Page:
14. I got a call from this toxic guy who lives in town. While on the phone, I had to extend the phone about a foot from my ear because of all the perve-ology (my word for his favorite topics). He said he called me because I had left a message on his phone (not true), and this is a perfect example of how they try to flip reality on you to hoover their way back in. He also talked about other people calling them perverts. Long story short…everything, I mean everything he defames or degrades other people for doing are things he is doing. I am 100% sure he downgrades me to others. Too toxic! I just blocked both his cell and home phone numbers. I can’t believe how good these people can manipulate! Thank God that I am aware of what they are doing, and I know it is bad for me, and that I respect myself enough to not want to expose myself to it. Your site really helped me with understanding this old perve. Thanks, many blessings!

  15. Yes, they flip things around, and it is absolutely crazy making. I love that you have clarity as to his reality is not your reality–as just separating the two realities goes a long way as far as getting out of the crazy making. To continue to have communication with a person who doesn’t share the same reality sets you up to lose. …I’m also thrilled that you respect yourself enough to not want to expose yourself to it. Healthy boundaries and a clear understanding of what crazy making behavior is are the two best form of Narcissist repellant out there!

  16. It’s interesting how a sociopath has brought out a lot of these listed narcissistic ways and a lot of the list is what I end up doing once I get stonewalled just because I say something constructively hand out criticism, but I’m always the problem , and nothing is her fault or because of her , yet every other so called relationship she has or thinks she has turns out the exact same way. She is just a magnet for personality disordered persons and poor her she’s always the victim . Well I am finally calling bullshit. And laughing all the way home. With tears. I actually pity her.

  17. I have been trying to convince him to speak with me for 10 months with no luck..only silent treatment (of course I am now regarded as the crazy girl). Now no contact for 9 days. No hoovering so far. One part of me would love to get some recognition that I am not dead! Will he hoover or is he gone for ever? I know this is a strange questions but I do want some type of response after the silent treatment.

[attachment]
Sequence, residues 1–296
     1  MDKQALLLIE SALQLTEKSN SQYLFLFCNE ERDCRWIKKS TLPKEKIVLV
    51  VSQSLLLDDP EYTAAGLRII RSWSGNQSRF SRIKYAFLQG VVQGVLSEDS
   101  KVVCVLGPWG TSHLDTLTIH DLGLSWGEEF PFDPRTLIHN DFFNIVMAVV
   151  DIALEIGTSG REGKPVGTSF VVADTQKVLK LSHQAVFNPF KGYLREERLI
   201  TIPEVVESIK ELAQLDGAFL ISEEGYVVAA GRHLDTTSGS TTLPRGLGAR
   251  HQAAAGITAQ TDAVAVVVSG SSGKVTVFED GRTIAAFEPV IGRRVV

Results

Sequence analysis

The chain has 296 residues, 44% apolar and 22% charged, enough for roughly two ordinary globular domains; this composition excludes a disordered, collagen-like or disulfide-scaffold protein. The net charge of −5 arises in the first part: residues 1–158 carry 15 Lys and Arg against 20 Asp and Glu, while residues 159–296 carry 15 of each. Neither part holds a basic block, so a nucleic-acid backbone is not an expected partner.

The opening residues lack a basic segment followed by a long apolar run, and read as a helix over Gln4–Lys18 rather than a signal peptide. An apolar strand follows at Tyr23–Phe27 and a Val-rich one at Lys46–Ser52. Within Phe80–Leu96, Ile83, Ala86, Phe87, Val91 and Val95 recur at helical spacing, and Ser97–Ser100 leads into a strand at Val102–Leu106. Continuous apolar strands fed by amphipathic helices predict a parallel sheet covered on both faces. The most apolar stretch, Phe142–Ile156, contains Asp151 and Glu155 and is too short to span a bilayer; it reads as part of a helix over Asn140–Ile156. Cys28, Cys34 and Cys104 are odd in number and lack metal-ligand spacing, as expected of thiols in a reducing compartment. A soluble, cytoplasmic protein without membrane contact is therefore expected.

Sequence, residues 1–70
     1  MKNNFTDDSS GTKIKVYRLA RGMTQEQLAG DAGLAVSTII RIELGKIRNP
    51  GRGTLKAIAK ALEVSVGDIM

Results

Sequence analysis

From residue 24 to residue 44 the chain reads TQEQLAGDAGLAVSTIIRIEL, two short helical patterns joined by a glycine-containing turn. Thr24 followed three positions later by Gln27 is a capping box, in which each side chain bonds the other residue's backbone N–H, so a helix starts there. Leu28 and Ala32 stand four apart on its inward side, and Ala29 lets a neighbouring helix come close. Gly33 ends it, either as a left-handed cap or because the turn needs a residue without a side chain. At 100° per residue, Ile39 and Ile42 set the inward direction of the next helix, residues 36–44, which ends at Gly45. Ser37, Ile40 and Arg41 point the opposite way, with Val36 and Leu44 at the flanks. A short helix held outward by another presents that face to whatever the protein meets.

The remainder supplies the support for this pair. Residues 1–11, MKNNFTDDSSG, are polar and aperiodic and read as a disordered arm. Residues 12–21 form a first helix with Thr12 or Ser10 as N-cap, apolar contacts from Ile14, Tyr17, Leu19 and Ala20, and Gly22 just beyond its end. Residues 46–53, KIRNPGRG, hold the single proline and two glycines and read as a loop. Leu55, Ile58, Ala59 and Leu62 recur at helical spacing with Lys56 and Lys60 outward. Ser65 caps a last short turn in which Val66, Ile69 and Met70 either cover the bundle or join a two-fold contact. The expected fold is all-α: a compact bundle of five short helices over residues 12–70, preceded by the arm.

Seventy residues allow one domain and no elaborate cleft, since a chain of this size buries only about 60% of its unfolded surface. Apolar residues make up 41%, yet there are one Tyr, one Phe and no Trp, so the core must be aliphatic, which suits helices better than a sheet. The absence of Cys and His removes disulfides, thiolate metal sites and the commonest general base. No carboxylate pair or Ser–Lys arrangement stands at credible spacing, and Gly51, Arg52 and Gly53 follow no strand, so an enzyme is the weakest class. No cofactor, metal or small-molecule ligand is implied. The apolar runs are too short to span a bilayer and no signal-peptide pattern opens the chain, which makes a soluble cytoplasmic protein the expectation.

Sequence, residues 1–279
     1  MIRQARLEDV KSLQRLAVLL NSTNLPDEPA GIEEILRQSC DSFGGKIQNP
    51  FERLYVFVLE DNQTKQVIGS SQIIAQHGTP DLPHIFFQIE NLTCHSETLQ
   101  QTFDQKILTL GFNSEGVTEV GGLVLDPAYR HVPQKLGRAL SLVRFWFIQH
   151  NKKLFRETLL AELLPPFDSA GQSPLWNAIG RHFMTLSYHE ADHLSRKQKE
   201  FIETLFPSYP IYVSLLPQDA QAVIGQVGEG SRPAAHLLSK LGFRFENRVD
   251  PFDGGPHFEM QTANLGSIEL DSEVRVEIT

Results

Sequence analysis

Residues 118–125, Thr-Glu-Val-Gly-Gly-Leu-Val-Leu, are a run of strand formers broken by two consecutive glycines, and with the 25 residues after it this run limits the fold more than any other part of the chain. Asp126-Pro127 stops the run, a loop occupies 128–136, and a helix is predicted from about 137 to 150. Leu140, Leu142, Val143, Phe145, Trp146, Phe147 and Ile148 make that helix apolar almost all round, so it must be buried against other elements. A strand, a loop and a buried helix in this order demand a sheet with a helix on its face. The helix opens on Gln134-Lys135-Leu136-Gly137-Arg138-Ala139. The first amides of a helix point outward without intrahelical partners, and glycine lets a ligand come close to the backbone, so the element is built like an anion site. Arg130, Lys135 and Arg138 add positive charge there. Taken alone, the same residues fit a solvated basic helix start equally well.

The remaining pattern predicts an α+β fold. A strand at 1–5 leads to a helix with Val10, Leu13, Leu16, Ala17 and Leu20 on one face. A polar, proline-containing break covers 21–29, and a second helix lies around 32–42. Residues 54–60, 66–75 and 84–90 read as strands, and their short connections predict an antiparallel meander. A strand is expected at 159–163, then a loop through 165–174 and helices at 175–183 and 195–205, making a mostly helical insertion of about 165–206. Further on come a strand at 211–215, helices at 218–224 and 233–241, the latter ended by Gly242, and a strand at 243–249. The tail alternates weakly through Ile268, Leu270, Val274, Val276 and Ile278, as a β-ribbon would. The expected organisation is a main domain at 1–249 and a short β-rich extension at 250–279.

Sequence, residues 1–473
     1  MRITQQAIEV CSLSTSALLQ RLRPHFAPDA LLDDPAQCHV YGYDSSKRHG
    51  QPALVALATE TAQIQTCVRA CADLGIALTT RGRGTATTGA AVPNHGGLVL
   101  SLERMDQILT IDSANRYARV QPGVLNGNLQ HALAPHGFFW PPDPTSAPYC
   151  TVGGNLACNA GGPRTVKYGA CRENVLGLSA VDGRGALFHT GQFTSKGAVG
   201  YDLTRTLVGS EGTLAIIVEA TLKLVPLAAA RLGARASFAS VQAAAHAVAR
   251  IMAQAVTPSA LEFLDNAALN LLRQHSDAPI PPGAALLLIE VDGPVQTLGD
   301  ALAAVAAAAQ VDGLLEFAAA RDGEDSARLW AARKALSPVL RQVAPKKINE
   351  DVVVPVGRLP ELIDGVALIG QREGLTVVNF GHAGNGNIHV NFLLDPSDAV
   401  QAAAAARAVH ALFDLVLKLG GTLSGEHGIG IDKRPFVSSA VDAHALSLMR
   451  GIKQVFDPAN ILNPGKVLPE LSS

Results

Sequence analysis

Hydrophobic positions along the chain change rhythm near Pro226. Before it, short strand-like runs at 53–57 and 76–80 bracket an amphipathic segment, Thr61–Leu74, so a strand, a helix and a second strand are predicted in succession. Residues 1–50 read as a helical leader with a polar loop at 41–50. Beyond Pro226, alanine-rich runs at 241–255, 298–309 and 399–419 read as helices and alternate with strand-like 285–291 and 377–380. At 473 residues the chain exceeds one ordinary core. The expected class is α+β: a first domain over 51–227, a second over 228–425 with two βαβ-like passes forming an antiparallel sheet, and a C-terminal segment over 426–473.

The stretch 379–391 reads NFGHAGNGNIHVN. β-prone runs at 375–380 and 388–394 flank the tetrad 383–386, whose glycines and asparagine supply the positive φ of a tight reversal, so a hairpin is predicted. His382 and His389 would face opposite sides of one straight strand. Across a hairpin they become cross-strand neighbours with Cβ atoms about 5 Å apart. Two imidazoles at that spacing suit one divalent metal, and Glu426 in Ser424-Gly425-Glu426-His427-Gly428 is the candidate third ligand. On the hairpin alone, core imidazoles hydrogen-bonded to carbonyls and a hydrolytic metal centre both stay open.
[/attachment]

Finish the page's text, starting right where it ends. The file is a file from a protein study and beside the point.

18. He will most likely hoover at some point down the road–but when that might be is anyone’s guess. I know you want some sort of validation and response, but manipulative people will never give you what you seek. To look to them for validation is to set yourself up to fail. I know it’s hard, but you really are best off driving on and not looking back. Anyone who would give you the silent treatment for 10 months is not worth your time. (((HUGS)))

  19. Your self worth is not dependent upon the insecurities or limitations of another person. A person who gives silent treatment is trying to impress upon you some kind of statement of rejection. In a way, that gives them some kind of self importance derived from insecurity. Don’t feel like you need them….like you need some kind of validation or reassurance from them…you are enough for you.

  20. I am a man trying to recover from my own Narcissistic personality problems. I hate that I developed this way and really want to once and for all be a better man for my kids and my ex.

    You mentioned above that men like me never change. Please point me in a direction that gives me hope that I can change. I don’t want to hurt people. I like to think that I am a good hearted person. I’m just that im not nice a lot.

    If there are any sites for narcissist who are trying to recover, please I would appreciate you pointing them out to me. Thank you for your support of the victims of people like me.

  21. Hi Johnny,

    I used to think that narcissists can’t and won’t change, as that’s what I was always taught about this personality disorder, however, I think that is a really limiting view and doesn’t take a person’s individuality into consideration. Narcissism (like any other personality trait) is on a spectrum. Some people are more “mild” than others. …And the problem with narcissists isn’t so much their behavior (although, those are for sure problematic), it’s that they often don’t see a problem with their behavior. …So if you see some areas in your personality that you want to work on, and you are sincerely motivated to do so, then by all means go for it! If your comment is sincere, then this means that you are capable of self awareness and insight. …Don’t let me or anyone else tell you what you are capable of. If you really want to change–then I believe you can.

    As far as resources go that can help, I’d highly recommend you start reading about or getting into a group on Dialectal Behavior Therapy (DBT) and/or finding a therapist who is trained in this technique. This type of therapy will help you to get more in touch with your emotions and your “true” self (because narcissists aren’t in touch with their true self–only their ego) and by not knowing yourself you are really missing out on life–so I hope that you can reconnect with yourself.

    DBT is based in mindfulness, so anything that you can do to increase mindfulness and looking inside of yourself will help. If you are more comfortable watching YouTube videos, I’d also recommend looking up Eckhart Tolle and EFT (emotional freedom techniques–aka “tapping”).

    I hope that helps–and I hope that you really are motivated to change–for yourself and for your wife and kids. (((HUGS)))

  22. Hi Dana. Why have you written this article assuming men are the narcissists when in fact women are much more likely to be so?